Friday, June 25, 2010

Experiments in Bathing


As it turns out, shampoo that does not specifically call out an attribute of “tear-free” on its packaging is definitely not tear-free.  Even if you only use a little bit.

Last night we were out of the tear-free variety, so I was faced with a very difficult decision.  Either I could ignore the repulsive smell emanating from my two 3-year-olds OR I could experiment and hope to get the shampoo out of their hair without getting any into their eyes.

Ok, in fairness to me, I only used a little bit of shampoo.  Normally, I would gauge the level of filthy boy-ness and meter out the shampoo quantity accordingly.  After playing outside in the heat, usually this requires a solid handful of shampoo, and then I usually drizzle a little extra straight from the bottle onto their little heads.  Lots of shampoo and soap is required to make these boys clean after a day of doing all their muddy, grassy, buggy boy things.

But I refrained.  I held myself back and only used the prescribed dime-sized amount, as the Suave people suggest.  (Except that it was probably more like a half-dollar sized dollop, just for good measure.)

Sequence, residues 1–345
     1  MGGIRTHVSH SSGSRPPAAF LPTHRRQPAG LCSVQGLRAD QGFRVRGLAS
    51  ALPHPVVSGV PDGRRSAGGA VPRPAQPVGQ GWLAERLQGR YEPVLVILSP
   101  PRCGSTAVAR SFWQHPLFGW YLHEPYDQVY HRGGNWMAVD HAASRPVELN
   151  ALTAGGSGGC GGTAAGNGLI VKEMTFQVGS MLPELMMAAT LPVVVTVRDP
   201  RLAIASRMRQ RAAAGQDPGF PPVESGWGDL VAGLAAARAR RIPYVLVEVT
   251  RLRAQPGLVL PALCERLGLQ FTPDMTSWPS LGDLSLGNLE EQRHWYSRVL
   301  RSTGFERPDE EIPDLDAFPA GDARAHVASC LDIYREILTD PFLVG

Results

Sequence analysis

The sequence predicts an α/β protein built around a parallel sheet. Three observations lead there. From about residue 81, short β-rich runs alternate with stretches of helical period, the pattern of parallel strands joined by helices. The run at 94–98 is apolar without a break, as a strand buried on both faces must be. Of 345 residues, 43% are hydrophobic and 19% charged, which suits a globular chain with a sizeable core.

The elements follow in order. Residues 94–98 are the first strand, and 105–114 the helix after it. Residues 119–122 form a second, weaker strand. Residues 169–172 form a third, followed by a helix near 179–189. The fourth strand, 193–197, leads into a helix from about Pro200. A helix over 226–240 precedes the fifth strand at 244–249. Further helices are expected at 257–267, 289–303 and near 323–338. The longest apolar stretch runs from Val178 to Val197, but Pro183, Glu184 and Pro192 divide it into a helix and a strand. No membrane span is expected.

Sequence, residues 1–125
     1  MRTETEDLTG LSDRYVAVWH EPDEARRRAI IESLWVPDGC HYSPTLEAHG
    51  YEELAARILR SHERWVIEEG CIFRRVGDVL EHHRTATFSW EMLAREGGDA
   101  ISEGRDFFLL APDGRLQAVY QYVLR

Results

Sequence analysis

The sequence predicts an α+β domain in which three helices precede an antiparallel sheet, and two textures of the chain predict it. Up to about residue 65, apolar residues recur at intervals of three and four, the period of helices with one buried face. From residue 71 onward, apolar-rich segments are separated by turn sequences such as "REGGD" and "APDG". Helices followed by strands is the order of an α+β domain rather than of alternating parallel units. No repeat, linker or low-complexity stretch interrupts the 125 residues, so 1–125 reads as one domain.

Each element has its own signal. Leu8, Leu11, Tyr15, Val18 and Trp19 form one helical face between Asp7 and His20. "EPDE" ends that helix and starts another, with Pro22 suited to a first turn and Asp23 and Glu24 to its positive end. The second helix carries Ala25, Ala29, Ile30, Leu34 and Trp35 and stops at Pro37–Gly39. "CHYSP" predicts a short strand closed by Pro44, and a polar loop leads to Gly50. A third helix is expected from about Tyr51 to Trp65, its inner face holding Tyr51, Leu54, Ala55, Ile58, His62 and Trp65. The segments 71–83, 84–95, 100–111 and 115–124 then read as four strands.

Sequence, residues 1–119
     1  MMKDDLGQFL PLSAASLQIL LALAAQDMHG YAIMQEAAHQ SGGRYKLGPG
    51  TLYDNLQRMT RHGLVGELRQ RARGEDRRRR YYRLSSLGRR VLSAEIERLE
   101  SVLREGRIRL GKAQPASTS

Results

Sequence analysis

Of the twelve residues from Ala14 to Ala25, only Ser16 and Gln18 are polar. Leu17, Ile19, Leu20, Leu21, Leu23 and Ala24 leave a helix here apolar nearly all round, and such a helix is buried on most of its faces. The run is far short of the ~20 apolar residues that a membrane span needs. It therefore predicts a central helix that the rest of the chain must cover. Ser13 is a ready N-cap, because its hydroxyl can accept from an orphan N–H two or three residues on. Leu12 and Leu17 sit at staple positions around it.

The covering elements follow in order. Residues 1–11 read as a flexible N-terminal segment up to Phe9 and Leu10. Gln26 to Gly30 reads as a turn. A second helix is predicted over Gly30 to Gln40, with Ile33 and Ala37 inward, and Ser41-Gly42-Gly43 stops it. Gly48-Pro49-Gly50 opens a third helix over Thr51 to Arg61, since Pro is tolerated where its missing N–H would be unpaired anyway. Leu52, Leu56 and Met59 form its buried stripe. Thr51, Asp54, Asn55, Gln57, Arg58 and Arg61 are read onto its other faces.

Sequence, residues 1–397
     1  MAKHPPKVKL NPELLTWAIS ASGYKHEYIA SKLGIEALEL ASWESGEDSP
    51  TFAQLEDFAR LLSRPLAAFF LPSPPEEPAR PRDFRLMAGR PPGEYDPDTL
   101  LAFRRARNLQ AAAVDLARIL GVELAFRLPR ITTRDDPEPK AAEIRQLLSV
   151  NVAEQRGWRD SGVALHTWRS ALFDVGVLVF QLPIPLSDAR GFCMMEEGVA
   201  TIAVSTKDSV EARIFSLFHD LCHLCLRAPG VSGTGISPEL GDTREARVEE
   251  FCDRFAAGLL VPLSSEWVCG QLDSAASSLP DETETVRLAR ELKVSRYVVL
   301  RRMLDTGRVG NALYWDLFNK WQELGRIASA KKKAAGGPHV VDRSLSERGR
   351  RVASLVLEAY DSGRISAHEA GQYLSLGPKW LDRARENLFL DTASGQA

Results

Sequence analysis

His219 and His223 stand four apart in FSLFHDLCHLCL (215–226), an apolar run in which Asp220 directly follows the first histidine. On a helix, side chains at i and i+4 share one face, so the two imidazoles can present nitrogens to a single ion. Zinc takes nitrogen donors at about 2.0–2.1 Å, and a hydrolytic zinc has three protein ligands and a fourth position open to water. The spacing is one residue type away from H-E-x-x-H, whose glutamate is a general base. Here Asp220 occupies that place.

All went well until the rinsing part.  Their little heads were coifed in the familiar baby-in-the-bathtub-with-a-mohawk style, full of clean-smelling shampoo (that I was fervently praying was not the eye-stingy kind).

I handed Jadon a towel to hold over his eyes, and he held it there for about 2 seconds before he dropped it into the tub—right before the first gushing waterfall hit his head to rinse the suds.  I had already started pouring the cup of water over his head when he dropped his towel.

What I heard next was a sort of screech-howl that finally peaked on some ungodly, eardrum-shattering note.  It sounded like a pack of wolves was being attacked by chimpanzees.  (I have not actually witnessed that event, but I’m guessing there would be some shrieking involved.)

At the same time, picture if you will, a small wildebeest performing a Native American rain dance.  Because that’s what he was doing while he was shrieking.

I got the wildebeest another towel and quickly got the rest of the shampoo out of his hair.

Jordan’s ordeal was not nearly so eventful, as he had the foresight to actually hold onto his towel.  I’m totally blaming this on the kid—he should have held onto his towel.

This scientific experiment has proven the effectiveness of regular shampoo when it comes to making kids cry.  I would not recommend it.

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